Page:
by The Ascent Staff | Jan. 14, 2019
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They can be a good way to get your credit score out of the basement, but there are some caveats. Image source: Getty Images.
Credit cards are useful tools for establishing yourself as a responsible payer in the eyes of financial institutions. Use them properly, and you'll build a history that will make it easier for you to get bigger loans and secure better interest rates. But if your credit report is riddled with late payments and maxed-out credit cards, you'll have trouble finding financial institutions willing to lend to you.
That's where secured credit cards come in. They're designed to help individuals with poor credit -- generally considered to be a credit score that's 630 or below, though some set the threshold as high as 650 -- build or rebuild their creditworthiness over time. Secured cards are similar to traditional credit cards, but there are a few key differences.
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Secured credit cards require a security deposit when you open the card. Usually, this deposit starts around $200 and is equal to your credit limit, though some cards don't tie the two together. The deposit is simply a guarantee for the creditor, giving it a way to recoup its losses if you fail to keep up with your monthly payments. But as long as you pay back what you owe, your security deposit will be refunded to you when you close the account.
Creditors report your monthly payments (or lack thereof) to the three major credit bureaus. Making on-time payments will raise your credit score over time, which can open the door to better, unsecured credit cards. It usually takes most people about a year of responsible paying before they reach this point, but it may be slightly more or less for you, depending on where your credit score was when you opened your account and how responsible you are with your secured card.
Lending to individuals with poor credit can be risky, so it's not uncommon for creditors to charge annual fees, account opening fees, and monthly maintenance fees on secured credit cards -- charges that can add up to more than $100 per year. This amount comes off of your monthly credit limit. Secured credit cards are also known for their high interest rates -- it's not uncommon for their APRs to exceed 25%, so it can get expensive if you carry a balance. Before you sign up for a secured credit card, read the cardholder agreement thoroughly so you know what kinds of fees to expect.
Most secured credit cards are pretty basic, but a few offer rewards just like unsecured cards. If the card you're considering does offer rewards, try to estimate how much you're likely to earn from them and compare that amount to the fees you'll pay to determine whether the card is a good value.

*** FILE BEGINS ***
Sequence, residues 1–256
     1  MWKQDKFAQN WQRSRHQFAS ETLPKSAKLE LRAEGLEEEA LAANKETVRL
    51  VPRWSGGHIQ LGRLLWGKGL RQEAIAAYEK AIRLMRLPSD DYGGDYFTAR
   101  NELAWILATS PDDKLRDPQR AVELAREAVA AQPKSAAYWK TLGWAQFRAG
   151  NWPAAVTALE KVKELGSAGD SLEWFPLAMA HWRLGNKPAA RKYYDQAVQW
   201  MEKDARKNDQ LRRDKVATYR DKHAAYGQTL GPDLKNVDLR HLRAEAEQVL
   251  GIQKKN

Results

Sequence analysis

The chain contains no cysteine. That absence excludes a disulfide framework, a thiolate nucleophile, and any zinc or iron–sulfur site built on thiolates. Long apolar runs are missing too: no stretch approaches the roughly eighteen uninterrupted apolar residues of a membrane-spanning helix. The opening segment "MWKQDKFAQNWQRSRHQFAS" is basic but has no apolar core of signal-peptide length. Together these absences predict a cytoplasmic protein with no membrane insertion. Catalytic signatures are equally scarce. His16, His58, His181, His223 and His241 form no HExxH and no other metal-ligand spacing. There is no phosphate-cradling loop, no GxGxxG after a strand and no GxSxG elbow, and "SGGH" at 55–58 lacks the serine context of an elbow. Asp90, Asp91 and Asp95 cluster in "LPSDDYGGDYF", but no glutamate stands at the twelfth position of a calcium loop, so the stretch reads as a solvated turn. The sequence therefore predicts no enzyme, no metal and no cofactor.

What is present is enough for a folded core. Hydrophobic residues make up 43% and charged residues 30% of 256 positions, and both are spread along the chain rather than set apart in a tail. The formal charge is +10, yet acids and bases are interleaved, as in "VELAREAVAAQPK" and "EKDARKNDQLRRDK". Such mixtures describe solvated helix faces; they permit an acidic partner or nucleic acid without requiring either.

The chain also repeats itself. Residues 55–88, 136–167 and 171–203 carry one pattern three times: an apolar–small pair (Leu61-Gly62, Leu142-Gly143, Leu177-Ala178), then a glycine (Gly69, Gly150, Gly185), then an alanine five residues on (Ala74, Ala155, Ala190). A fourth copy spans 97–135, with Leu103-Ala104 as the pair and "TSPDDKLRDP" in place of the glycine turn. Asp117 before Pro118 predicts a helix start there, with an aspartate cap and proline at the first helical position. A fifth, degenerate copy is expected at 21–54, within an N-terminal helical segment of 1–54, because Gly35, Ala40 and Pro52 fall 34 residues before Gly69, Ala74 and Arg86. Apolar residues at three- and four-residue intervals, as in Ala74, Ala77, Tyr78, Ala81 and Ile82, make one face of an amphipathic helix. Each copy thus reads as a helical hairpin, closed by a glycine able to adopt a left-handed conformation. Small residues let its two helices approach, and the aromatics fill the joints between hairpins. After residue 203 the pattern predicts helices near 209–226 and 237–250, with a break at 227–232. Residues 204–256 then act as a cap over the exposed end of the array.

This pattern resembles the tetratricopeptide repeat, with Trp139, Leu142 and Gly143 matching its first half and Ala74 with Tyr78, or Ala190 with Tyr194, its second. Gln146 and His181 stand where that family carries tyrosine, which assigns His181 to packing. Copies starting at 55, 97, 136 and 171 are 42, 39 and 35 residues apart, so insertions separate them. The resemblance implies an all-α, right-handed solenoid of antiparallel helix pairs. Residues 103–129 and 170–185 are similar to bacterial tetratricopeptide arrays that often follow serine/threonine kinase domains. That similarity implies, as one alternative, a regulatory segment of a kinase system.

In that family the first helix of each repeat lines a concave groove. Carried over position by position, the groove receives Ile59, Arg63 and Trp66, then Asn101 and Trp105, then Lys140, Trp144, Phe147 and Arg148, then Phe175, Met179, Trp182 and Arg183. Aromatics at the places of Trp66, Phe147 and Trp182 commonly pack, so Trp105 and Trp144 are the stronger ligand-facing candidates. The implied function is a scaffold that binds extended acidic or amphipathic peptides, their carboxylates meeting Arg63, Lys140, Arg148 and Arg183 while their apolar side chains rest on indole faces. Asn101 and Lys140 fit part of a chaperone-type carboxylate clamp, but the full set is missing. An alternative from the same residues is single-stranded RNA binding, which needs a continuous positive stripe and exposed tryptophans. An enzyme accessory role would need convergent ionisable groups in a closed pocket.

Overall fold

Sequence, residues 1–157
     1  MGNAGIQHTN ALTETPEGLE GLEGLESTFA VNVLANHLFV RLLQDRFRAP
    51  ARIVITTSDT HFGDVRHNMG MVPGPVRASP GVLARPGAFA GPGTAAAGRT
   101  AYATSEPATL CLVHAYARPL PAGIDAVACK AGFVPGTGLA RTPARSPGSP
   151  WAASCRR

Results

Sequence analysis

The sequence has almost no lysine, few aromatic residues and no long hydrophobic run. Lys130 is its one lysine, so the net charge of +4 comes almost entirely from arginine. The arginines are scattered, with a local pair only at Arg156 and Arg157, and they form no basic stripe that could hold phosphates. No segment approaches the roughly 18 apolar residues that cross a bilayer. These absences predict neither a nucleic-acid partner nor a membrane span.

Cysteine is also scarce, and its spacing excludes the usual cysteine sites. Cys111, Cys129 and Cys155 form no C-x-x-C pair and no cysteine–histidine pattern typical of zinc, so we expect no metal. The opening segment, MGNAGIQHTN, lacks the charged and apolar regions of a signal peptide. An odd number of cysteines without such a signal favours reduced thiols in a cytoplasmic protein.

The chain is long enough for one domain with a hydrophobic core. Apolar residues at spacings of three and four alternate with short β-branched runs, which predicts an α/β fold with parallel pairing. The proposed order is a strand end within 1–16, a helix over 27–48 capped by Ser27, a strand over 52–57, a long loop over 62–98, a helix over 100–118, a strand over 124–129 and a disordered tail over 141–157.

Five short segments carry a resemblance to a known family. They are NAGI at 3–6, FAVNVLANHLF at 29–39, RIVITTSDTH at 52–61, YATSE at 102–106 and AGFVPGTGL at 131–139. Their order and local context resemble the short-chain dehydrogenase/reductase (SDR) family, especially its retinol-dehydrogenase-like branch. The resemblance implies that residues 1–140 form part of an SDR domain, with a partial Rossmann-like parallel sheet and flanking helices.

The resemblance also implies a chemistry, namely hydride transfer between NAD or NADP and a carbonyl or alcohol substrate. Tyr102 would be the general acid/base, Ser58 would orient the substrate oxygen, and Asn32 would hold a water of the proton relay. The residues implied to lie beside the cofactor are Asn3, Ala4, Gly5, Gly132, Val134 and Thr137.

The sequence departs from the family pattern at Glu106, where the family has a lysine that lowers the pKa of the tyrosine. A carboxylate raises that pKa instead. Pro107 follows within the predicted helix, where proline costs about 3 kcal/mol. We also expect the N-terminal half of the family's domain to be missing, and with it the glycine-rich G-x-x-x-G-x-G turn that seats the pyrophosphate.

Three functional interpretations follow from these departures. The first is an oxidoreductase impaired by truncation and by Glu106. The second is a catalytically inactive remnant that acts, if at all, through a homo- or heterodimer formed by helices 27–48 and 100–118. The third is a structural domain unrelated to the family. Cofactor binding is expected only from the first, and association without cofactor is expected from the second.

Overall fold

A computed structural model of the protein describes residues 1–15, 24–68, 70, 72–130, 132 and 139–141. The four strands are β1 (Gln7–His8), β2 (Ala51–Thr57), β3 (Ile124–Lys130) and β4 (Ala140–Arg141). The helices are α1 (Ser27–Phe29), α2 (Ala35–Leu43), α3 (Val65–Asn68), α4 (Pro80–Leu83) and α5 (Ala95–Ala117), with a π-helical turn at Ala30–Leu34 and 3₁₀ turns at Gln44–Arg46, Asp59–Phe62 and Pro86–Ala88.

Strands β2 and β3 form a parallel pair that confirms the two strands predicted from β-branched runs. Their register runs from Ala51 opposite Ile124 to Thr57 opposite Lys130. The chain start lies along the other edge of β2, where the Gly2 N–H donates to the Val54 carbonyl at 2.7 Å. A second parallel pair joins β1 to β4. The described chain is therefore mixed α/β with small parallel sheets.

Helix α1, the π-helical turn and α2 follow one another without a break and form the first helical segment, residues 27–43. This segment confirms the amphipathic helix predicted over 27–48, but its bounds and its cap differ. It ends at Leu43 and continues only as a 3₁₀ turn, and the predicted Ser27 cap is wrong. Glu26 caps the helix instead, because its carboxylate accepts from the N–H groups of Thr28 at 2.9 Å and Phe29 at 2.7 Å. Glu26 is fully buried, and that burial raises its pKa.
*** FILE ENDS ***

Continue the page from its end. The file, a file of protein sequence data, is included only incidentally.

Don't expect to use your secured credit card for all of your purchases each month. For one, your credit limit may not allow it. For another, you don't want to risk charging more than you can pay off in a month, or else you'll have to pay interest.
You're much better off using your secured credit card to make one or two smaller purchases each month. Try to avoid getting too close to your credit limit, because the credit agencies look askance at people with a high credit utilization ratio -- the amount of credit you're using versus the total amount available to you. A high ratio will lower your credit score.
Ideally, you want a credit utilization ratio of 30% or less, but this may not be possible if your credit limit is only $200. That would only leave you with $60 to spend, and fees might cut into that even further. In that case, just do your best to keep that ratio as low as you can while still making one or two small purchases each month that you can easily pay off.
Pay your balance in full and on time each month. This signifies to creditors that you're living comfortably within your means. It also keeps you from being charged any interest on your purchases. Once people begin the cycle of carrying a credit card balance, the high interest often keeps them in debt for months or even years.
Monitor your credit score every month to see how it's improving over time. Once your credit score cracks 630, you may want to think about applying for an unsecured credit card. This will often net you more rewards, and many of these cards do not charge any monthly maintenance fees. Some card issuers may automatically consider you for an upgrade to an unsecured credit card after a few months of on-time payments.
When used responsibly, a secured credit card can be an excellent tool for building or rebuilding your credit score. But it's important to understand exactly what the terms of your agreement are before you sign up, and to use such cards sparingly until your credit score comes up.
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